GLib.Variant

Fields

None

Methods

class is_object_path (string)
class is_signature (string)
class new_array (child_type, children)
class new_boolean (value)
class new_byte (value)
class new_bytestring (string)
class new_bytestring_array (strv)
class new_dict_entry (key, value)
class new_double (value)
class new_fixed_array (element_type, elements, n_elements, element_size)
class new_from_bytes (type, bytes, trusted)
class new_from_data (type, data, trusted, notify, user_data)
class new_handle (value)
class new_int16 (value)
class new_int32 (value)
class new_int64 (value)
class new_maybe (child_type, child)
class new_object_path (object_path)
class new_objv (strv)
class new_signature (signature)
class new_string (string)
class new_strv (strv)
class new_tuple (children)
class new_uint16 (value)
class new_uint32 (value)
class new_uint64 (value)
class new_variant (value)
class parse (type, text, limit, endptr)
class parse_error_print_context (error, source_str)
class parse_error_quark ()
class parser_get_error_quark ()
class split_signature (signature)
  byteswap ()
  check_format_string (format_string, copy_only)
  classify ()
  compare (two)
  dup_bytestring ()
  dup_bytestring_array ()
  dup_objv ()
  dup_string ()
  dup_strv ()
  equal (two)
  get_boolean ()
  get_byte ()
  get_bytestring ()
  get_bytestring_array ()
  get_child_value (index_)
  get_data ()
  get_data_as_bytes ()
  get_double ()
  get_handle ()
  get_int16 ()
  get_int32 ()
  get_int64 ()
  get_maybe ()
  get_normal_form ()
  get_objv ()
  get_size ()
  get_string ()
  get_strv ()
  get_type ()
  get_type_string ()
  get_uint16 ()
  get_uint32 ()
  get_uint64 ()
  get_variant ()
  hash ()
  is_container ()
  is_floating ()
  is_normal_form ()
  is_of_type (type)
  keys ()
  lookup_value (key, expected_type)
  n_children ()
  print_ (type_annotate)
  ref ()
  ref_sink ()
  store (data)
  take_ref ()
  unpack ()
  unref ()

Details

class GLib.Variant(format_string, value)

GLib.Variant is a variant datatype; it can contain one or more values along with information about the type of the values.

A GLib.Variant may contain simple types, like an integer, or a boolean value; or complex types, like an array of two strings, or a dictionary of key value pairs. A GLib.Variant is also immutable: once it’s been created neither its type nor its content can be modified further.

GLib.Variant is useful whenever data needs to be serialized, for example when sending method parameters in DBus, or when saving settings using GSettings.

When creating a new GLib.Variant, you pass the data you want to store in it along with a string representing the type of data you wish to pass to it.

For instance, if you want to create a GLib.Variant holding an integer value you can use:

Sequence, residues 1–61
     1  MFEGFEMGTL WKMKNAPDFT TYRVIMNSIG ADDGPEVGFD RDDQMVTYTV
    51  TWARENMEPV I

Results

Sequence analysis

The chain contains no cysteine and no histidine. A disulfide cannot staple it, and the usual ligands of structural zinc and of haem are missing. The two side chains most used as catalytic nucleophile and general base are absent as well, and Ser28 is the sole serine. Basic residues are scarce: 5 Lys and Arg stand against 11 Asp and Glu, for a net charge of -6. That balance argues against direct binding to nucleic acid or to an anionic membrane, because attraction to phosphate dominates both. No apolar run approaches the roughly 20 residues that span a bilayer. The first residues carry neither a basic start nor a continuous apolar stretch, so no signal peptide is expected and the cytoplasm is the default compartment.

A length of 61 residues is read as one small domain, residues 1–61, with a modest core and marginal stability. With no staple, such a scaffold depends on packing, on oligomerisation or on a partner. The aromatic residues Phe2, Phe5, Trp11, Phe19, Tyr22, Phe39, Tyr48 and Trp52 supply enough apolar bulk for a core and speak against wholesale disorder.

GVariant *v = g_variant_new ("u", 40);

The string “u” in the first argument tells GLib.Variant that the data passed to the constructor (40) is going to be an unsigned integer.

More advanced examples of GLib.Variant in use can be found in documentation for GVariant format strings.

The range of possible values is determined by the type.

The type system used by GLib.Variant is GLib.VariantType.

GLib.Variant instances always have a type and a value (which are given at construction time). The type and value of a GLib.Variant instance can never change other than by the GLib.Variant itself being destroyed. A GLib.Variant cannot contain a pointer.

GLib.Variant is reference counted using GLib.Variant.ref() and GLib.Variant.unref(). GLib.Variant also has floating reference counts – see GLib.Variant.ref_sink().

GLib.Variant is completely threadsafe. A GLib.Variant instance can be concurrently accessed in any way from any number of threads without problems.

GLib.Variant is heavily optimised for dealing with data in serialised form. It works particularly well with data located in memory-mapped files. It can perform nearly all deserialisation operations in a small constant time, usually touching only a single memory page. Serialised GLib.Variant data can also be sent over the network.

GLib.Variant is largely compatible with D-Bus. Almost all types of GLib.Variant instances can be sent over D-Bus. See GLib.VariantType for exceptions. (However, GLib.Variant’s serialisation format is not the same as the serialisation format of a D-Bus message body: use #GDBusMessage, in the gio library, for those.)

For space-efficiency, the GLib.Variant serialisation format does not automatically include the variant’s length, type or endianness, which must either be implied from context (such as knowledge that a particular file format always contains a little-endian %G_VARIANT_TYPE_VARIANT which occupies the whole length of the file) or supplied out-of-band (for instance, a length, type and/or endianness indicator could be placed at the beginning of a file, network message or network stream).